Dr Morrell said that one of the interesting features of myeloma is that it is a disease that affects adults. “The average age of patients when diagnosed is in their 60s. Children don’t get it generally – there is a case report of a 14-year-old and an 18-year-old in the literature, but in general less than 1 per cent are aged under 35 years. And we don’t know why this is.”
The incidence of multiple myeloma is increasing and seems to be more complex than simply due to the ageing of the population, she explained.
The reasons for developing myeloma are not known at this time. “But the triggers that cause the plasma cells to develop into cancerous cells are probably different in different people and in particular the genetic abnormalities that we can now test for show that there are different genetic abnormalities in different patients.”
Looking at the diagnosis of the disease, symptoms can be vague (tiredness and pain) initially. “Many people have low blood counts when they initially come and see us, and that’s common for blood cancers,” Dr Morrell added.
However, myeloma is a “peculiar” disease and causes a lot of other symptoms. So by growing in the bone marrow, it can weaken the bones and cause lytic bone lesions, leading to severe pain and high calcium levels. As it weakens the immune system, patients often present with signs of infection, ie, chest infections, she told the meeting.
The key principles of therapy in multiple myeloma are to stop the production of abnormal plasma cells, strengthen the bone and prevent fractures, treat anaemia and reduce fatigue, as well as promotion of wellbeing and quality-of-life.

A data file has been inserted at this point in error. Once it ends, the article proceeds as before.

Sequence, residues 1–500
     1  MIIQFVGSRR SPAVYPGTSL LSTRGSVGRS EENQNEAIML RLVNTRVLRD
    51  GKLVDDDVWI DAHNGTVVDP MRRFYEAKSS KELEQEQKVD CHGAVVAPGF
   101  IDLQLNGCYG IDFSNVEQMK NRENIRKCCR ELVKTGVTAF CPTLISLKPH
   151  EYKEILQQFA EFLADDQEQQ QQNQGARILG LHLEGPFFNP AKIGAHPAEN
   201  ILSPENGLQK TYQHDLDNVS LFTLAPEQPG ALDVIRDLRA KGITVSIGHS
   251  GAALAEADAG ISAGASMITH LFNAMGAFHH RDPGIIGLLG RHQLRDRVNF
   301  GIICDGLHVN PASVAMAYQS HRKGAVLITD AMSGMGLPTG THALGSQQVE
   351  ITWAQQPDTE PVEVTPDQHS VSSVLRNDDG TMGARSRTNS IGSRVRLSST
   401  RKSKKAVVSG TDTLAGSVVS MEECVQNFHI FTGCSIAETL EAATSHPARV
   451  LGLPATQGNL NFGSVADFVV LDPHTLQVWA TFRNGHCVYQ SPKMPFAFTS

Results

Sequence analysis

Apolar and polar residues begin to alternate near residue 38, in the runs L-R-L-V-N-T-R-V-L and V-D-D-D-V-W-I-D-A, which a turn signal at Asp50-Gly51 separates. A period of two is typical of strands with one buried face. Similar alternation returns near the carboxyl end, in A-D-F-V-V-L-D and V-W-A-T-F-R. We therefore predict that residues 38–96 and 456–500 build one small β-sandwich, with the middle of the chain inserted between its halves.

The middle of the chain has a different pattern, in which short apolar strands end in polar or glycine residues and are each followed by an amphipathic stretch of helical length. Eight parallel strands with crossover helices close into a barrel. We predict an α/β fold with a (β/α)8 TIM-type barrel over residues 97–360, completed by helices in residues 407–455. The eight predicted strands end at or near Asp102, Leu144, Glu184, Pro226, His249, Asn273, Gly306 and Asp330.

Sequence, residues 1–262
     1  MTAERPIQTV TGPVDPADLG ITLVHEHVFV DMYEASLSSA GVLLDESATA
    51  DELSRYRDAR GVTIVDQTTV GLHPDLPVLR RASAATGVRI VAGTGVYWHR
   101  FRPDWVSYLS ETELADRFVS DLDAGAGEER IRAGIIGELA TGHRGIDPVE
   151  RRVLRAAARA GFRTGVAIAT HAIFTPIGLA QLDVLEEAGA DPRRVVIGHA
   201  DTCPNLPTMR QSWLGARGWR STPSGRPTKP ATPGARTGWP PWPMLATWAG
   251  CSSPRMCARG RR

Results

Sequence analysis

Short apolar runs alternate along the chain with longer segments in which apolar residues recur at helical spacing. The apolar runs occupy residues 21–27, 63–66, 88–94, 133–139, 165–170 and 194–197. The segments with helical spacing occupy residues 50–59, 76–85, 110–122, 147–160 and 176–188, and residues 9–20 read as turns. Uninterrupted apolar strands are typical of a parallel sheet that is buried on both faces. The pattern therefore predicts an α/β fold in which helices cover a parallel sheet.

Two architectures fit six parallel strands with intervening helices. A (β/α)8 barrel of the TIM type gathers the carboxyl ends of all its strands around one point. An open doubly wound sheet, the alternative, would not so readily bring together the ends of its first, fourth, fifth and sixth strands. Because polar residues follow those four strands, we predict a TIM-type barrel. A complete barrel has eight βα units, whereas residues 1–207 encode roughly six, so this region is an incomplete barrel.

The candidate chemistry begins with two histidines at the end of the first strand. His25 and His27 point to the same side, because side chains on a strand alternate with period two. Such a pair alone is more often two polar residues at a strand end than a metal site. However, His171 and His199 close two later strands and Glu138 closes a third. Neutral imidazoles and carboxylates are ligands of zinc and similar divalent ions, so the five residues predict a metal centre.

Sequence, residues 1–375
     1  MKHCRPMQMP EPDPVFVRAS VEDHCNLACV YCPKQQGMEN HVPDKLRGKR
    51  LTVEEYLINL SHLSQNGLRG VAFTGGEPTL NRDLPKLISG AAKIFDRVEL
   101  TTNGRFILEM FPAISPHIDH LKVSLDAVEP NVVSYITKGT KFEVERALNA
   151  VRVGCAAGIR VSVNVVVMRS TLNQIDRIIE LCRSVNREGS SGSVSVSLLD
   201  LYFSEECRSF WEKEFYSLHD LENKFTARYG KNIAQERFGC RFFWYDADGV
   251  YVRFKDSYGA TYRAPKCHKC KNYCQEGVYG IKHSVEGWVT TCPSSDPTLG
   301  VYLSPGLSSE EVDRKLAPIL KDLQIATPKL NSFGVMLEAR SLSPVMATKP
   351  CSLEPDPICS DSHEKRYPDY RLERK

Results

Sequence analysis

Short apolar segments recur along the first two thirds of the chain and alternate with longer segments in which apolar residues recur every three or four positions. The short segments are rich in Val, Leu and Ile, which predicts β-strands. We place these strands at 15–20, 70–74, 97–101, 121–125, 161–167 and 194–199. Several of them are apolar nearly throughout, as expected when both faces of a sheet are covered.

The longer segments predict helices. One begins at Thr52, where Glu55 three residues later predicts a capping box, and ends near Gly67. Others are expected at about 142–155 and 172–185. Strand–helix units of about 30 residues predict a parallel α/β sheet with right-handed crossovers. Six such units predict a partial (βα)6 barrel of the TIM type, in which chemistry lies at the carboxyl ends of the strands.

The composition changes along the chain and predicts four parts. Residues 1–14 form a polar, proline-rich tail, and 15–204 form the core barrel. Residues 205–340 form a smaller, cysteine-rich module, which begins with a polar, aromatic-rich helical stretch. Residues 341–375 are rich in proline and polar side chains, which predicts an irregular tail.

Not everyone who has myeloma in their bone marrow needs treatment, Dr Morrell explained — patients with smouldering myeloma may not develop symptoms for many, many years, if at all, so not everyone is treated.
The patients that are treated are those who develop or have at least one of the CRAB criteria: C – high calcium in blood, R – renal/kidney dysfunction, A – anaemia, and B – bone disease.
In addition, there is the SLiM biomarkers of malignancy criteria: ≥Sixty-per cent clonal BM plasma cells; Li=serum free light chain ratio involved:uninvolved ≥100; M=>one focal lesion (≥5mm each) detected by MRI studies.
She highlighted that survival rates and quality-of-life for myeloma patients have dramatically improved in the last 15 years – in 2008 about 50 per cent of myeloma patients were alive at five years, while currently the five-year survival rate is about 75-80 per cent: “So we are getting better and better and we now have ways to individualise that and help us find out who are the patients who might respond better and who are those a little more at risk of relapsing early.”